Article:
Durban is becoming the hoodoo venue for the hosts but they can't blame it for the tailspin they find themselves in after their clinical approach failed. In Kolkata earlier this year, South Africa went from 218 for 2 to 296 all out after an attack from Khan and Harbhajan. It's not just in Durban where the batting struggles to adjust when the need arises. What Kolkata tells us is that South Africa need to have a more dynamic approach so that they can improvise when things aren't going according to plan.

Firdose Moonda is ESPNcricinfo's South Africa correspondent

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© ESPN Sports Media Ltd.

Posted by Caveman. on (December 28, 2010, 9:05 GMT)

The way India is batting in their 2nd innings, SA's 1st innings failure will likely become irrelevant. With the wicket easing out, it will be easy enough to chase anything under 300. It is a bit unthinkable that the SA top order will play as carelessly as Sehwag, Sachin and even Dravid (2nd innings dismissal).

Posted by indianzen on (December 28, 2010, 7:47 GMT)

I think you need more luck in SA. when luck favours, your bowlers wither Bowl too well like SA bowling in 1st Test or they bowl too bad like SA bowling in 2nd test. But without a worldclass bowler like Steyn/Morne if india could win, its a great acheivement...

Posted by The_Professor on (December 28, 2010, 7:43 GMT)

CHOKING, CHOKING, CHOKING - SA seems to be choking AGAIN! India came into the match short of match practice and SA got on top early. Now that it coming to securing the series, seems like the famous SA CHOKE is back! India may well let it slip as they are still making up for a lack of warm up matches (thanks to BCCI)!

Posted by Alexk400 on (December 28, 2010, 7:30 GMT)

It is not over yet. Still india can bowled out with lead of 200. Not good enough. tough to get SA below 200 twice. Unless Bhajji produces a miracle.

Posted by Saffalicious on (December 28, 2010, 7:24 GMT)

@stormy, I think that you are right in saying that SA were somewhat complacent and that they largely fell to poor shot selection (with the very unlucky exception of Kallis who was looking VERY good). My money is in SA though as I think that Kallis will come good in the second innings and Amla will not fall cheaply again

Posted by ravi70 on (December 28, 2010, 7:01 GMT)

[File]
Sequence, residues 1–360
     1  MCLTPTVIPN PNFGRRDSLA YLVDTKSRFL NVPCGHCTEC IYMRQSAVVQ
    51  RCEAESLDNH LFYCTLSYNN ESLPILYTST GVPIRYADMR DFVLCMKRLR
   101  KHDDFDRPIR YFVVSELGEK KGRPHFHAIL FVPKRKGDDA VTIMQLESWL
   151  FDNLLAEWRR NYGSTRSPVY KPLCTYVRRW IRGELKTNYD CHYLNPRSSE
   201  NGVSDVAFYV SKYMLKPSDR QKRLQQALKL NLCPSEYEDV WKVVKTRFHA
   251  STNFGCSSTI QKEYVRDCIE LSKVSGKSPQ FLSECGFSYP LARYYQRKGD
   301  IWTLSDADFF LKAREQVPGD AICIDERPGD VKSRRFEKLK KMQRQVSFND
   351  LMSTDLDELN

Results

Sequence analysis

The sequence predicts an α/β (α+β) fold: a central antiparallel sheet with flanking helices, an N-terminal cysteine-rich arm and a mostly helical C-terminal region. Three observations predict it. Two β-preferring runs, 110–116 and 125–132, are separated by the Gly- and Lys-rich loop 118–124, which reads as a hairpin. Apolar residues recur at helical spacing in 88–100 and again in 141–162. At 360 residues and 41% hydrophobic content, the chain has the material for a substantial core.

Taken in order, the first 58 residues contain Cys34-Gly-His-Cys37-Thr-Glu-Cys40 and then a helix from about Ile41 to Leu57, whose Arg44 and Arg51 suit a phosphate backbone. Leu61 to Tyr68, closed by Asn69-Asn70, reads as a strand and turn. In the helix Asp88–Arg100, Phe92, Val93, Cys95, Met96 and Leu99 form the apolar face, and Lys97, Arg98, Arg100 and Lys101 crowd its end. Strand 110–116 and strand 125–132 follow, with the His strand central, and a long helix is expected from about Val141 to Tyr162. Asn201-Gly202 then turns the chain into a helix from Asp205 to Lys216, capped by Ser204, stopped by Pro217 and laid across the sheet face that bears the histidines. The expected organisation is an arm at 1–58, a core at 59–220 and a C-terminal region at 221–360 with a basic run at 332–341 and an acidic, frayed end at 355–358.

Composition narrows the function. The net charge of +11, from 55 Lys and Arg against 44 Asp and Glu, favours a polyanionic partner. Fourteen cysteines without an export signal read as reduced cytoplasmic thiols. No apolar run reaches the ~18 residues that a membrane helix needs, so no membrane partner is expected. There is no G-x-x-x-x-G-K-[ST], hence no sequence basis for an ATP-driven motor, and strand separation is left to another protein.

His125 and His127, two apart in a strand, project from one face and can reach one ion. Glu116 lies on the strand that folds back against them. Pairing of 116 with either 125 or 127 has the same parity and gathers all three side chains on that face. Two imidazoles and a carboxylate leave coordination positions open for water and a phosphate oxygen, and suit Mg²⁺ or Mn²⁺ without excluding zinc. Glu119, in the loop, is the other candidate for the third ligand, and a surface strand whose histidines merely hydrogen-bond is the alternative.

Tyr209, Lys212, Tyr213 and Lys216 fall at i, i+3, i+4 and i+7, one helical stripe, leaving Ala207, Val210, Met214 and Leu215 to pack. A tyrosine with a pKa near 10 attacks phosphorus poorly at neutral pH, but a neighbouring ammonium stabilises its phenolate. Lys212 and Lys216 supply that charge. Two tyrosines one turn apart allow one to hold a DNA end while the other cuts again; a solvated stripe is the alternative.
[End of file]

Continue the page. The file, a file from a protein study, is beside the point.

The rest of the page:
Where are the Indian Bashers now? Why did the South Arficans fold up like 9 pins, on a bouncy wicket. They are supposed to be bred on these wickets. Does now Smith agree that they cant play Bhajji for nuts. Arrogance cost Australia. Look where is Australia. Arrogance will bring down fall of South Africa. Confidence is good, to say Indians cant take 20 wickets, cant face chin music, etc., If Smith and Co cant bat 2 full sessions, they also dont deserve to win. Anyway why are the World Champs in Chockers cribbing

Posted by anver777 on (December 28, 2010, 6:56 GMT)

Don't underestimate the Indian bowling unit my dear friend Smith..........after the inclusion of their premier bowler Zaheer India got that energy back in the bowling attack............

Posted by stormy16 on (December 28, 2010, 6:09 GMT)

I think disrespect for the opposition cost SA more but the Ind bowled beautifully and held on to their catches and lets not brush that aside. The porblem with being over confident is it catches up with you in the form of preasure if things dont go your way and this goes for both teams and I think that was a factor for SA yesterday and will be when they bat again. I cannot beleive the shots Sewag, Sachin and Dravid played at that stage of the game and series - it was totally irresponsible. Ind can still make this their game if they get anything over 250 which I think will be tought to chase. I fail to undestand how the experts say there is nothing in the picth when 24 wickets have falled in two days so anything over 250 will be a good score and Ind dont have much to do to get there.

Posted by LazloWoodbine on (December 28, 2010, 5:53 GMT)

All credit to India for bowling and fielding superbly. This is what makes thi such a great game! Credit too to Zaheer, who must have felt the weight of expectation on him but delivered wonderfully. A bad day at the office for us SAns, but that happens in this game. I'm looking forwardto the today's play.

Posted by voiceguru on (December 28, 2010, 5:45 GMT)

So now SA fans are saying that do not judge the SA performance by 1 innings :)))) .. and they criticism Indian batting and specially bawling based on 1 test :))) India looks bad when it comes to play on fast and bouncy pitch but its just it look. How they played for 205 it was good batting and awesome bawling performance. However we do respect SA team and i am sure they will fight back with bat so it will be a great contest... lets see how india bat today tilll lunch which will eventually define who will win this match .. for series if its draw india will prove that they can take on SA in SA quite good ..if they win there is nothing more to say to that .. but defiantly india wont loose the series ..